Martin McGuinness, who died this week, was only 66. That seems very young, partly I think because the Republican has been a feature of public life in Ireland for so long - part of the culture, the iconography, the collective mind - that you assume he must have been older.
Shane Coleman, on Newstalk Breakfast (Mon-Fri 6.30am), called McGuinness "one of the most significant figures in Irish politics for last half-century". That, at least, is a description most of us can agree on, though when it comes to McGuinness, there's more to divide people than bring them to a consensus.
As Arlene Foster said on Morning Ireland (Radio 1, Mon-Fri 7am), "History will record differing views on the role Martin McGuinness played." Well, that's one diplomatic way of putting it.
Shane quoted Tony Blair who, while "very sorry to learn of Martin's death", also pointed out that people can't and shouldn't forget "the bitterness of that conflict". Some victims, he said, "can't forgive and will never forget".
Still, Blair also said, he had "come to know the Martin McGuinness who set aside the armed struggle in favour of making peace…we could never have done it without his leadership and courage". On the same show, former Minister Dermot Ahern credited McGuinness with bringing (his) "generation of young radical people in a certain way…the scene is much better now because of the incredible work of people like him".
Bertie Ahern was conflicted (no pun intended) in his views, thus fairly reflecting the complexity of the Northern situation and McGuinness' life. Our ex-Taoiseach told The Pat Kenny Show (Newstalk, Mon-Fri 9am), "He was a friend, from 1994 right up until now. I always found him to be a good negotiator, fair, honest in his dealings."
However, Bertie also "never believed" that McGuinness had genuinely left the IRA Army Council, saying, "I don't think there was any doubt about that."
And when Pat contended that, for all McGuinness' "personal affability", his background showed that "when it was called for, he could be a hard man", Bertie responded: "If even 10pc of the stories (about McGuinness) were true, they were horrific."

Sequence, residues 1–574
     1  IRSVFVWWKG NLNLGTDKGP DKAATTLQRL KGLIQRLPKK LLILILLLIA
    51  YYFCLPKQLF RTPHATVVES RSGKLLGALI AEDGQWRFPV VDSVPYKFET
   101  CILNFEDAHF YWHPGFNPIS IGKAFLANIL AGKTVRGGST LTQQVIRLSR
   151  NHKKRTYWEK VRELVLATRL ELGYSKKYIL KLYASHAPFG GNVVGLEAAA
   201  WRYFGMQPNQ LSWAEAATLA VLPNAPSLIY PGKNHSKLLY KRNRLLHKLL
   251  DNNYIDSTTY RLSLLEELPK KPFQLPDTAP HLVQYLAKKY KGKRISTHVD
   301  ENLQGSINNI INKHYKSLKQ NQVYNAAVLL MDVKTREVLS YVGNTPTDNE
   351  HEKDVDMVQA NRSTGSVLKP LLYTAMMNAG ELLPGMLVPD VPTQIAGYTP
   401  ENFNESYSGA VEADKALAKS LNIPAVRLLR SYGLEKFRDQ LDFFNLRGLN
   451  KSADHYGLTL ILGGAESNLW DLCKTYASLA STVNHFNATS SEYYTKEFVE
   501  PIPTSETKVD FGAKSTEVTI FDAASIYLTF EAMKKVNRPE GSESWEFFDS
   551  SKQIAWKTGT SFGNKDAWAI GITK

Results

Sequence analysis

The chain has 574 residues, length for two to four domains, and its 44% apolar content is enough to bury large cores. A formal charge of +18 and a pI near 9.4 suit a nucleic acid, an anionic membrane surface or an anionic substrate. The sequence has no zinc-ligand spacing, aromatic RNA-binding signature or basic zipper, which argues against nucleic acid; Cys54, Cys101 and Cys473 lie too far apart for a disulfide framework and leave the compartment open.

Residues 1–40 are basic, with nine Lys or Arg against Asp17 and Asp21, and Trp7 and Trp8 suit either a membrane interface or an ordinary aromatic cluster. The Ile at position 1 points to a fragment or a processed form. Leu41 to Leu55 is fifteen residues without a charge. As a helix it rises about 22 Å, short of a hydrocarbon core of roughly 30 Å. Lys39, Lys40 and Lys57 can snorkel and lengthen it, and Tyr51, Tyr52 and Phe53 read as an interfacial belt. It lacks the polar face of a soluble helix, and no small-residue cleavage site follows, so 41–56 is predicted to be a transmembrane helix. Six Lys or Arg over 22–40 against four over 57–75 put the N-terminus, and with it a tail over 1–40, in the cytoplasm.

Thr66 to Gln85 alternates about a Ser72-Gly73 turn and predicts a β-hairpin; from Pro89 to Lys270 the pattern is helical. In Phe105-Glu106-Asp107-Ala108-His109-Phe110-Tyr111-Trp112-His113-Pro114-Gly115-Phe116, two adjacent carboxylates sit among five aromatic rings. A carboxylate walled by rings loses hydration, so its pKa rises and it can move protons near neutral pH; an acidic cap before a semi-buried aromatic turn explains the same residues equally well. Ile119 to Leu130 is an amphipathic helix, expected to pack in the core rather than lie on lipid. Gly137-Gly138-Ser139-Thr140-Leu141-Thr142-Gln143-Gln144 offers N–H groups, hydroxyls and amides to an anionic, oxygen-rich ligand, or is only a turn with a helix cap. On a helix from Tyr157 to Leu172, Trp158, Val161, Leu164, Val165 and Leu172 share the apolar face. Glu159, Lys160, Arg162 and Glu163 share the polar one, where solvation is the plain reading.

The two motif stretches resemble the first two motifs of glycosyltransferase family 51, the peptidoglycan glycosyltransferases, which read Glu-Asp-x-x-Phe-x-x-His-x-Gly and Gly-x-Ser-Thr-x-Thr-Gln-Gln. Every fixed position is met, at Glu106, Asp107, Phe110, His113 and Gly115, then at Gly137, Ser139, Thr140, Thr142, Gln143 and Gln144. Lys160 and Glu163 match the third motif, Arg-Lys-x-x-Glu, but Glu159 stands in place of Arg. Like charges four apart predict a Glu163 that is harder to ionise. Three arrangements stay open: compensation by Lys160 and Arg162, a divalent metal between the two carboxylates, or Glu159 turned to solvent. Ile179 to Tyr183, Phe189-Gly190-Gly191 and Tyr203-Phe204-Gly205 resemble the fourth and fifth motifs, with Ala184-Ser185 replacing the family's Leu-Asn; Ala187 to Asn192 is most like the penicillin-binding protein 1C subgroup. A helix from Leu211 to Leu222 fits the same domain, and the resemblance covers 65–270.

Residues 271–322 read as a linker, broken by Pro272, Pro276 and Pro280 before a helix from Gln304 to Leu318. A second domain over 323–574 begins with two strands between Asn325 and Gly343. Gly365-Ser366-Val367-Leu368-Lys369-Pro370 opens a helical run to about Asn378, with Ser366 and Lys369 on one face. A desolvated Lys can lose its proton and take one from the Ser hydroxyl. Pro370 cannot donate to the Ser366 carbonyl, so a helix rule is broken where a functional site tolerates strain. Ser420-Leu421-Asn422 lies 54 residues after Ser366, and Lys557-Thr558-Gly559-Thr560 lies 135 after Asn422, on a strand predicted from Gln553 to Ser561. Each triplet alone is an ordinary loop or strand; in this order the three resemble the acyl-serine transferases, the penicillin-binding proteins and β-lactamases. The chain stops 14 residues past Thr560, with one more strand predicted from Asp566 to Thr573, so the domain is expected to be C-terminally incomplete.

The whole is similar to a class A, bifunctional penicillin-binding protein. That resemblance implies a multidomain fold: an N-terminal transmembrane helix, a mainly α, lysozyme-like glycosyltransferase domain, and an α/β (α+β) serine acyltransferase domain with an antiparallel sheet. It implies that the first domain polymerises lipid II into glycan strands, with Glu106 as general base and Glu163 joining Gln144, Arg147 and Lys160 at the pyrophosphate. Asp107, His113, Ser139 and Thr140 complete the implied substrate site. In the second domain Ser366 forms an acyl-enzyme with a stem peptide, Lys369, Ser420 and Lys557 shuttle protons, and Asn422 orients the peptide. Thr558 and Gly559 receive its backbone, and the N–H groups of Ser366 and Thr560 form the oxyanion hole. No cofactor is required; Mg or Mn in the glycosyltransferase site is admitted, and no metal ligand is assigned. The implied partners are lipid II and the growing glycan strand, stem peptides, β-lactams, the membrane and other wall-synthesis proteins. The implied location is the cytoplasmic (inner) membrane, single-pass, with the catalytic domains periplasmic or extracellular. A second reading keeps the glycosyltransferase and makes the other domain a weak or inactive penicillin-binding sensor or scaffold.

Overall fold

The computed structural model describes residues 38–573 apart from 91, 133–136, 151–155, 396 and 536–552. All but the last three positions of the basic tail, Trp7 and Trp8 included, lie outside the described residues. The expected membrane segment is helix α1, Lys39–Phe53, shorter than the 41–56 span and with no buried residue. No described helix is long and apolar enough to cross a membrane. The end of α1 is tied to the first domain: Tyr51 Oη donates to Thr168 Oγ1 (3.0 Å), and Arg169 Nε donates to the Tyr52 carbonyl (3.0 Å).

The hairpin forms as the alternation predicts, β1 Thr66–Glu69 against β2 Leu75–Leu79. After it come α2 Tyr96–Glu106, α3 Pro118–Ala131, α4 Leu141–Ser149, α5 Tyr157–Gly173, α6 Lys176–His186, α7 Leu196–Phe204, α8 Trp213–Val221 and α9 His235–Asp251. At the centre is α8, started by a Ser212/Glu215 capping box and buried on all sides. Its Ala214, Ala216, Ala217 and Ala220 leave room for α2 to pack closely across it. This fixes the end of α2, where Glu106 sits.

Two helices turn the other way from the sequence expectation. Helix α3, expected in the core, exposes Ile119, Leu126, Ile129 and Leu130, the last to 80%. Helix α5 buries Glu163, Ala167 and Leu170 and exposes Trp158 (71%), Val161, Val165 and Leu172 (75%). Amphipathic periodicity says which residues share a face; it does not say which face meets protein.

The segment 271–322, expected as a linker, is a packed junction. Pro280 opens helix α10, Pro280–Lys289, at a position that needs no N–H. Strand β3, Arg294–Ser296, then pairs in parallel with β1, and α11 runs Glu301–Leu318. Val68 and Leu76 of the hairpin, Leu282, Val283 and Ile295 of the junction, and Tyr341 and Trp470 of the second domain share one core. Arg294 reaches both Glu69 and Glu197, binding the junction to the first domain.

He added: "Martin wasn't for the faint-hearted." Another diplomatic way of putting things, regardless of where along the political spectrum you stood.
Former Tory Minister Norman Tebbit stands to the right of that spectrum; I can't imagine agreeing with him on very much, if anything. Yet it was hard to blame or begrudge him for the angry words we heard on News at One (Radio 1, Mon-Fri), given what happened to his wife in the 1984 Brighton bombing.
McGuinness was "a multi-murderer" and "coward" who had only become a peacemaker "to save his own skin". Tebbit said he hoped the Sinn Féin man was "parked in a particularly hot and unpleasant corner of hell for the rest of eternity".
Back on Morning Ireland, Sharon Tobin looked back on McGuinness' career and legacy, tracking that quite remarkable journey "from IRA commander to chief negotiator to Deputy First Minister". Much of it we knew, but it was informative and, I felt, fairly even-handed - not such an easy thing to do with someone like McGuinness.
Midway through, ex-Northern Ireland Secretary Peter Hain recalled a surreal altercation during negotiations on decommissioning: "At one point it got so heated that Gerry Adams and Martin McGuinness cornered me in a cupboard at Hillsborough Castle, and tried to threaten me that I would get sacked by Tony Blair."
Peter, if that was all you were threatened with, count yourself lucky…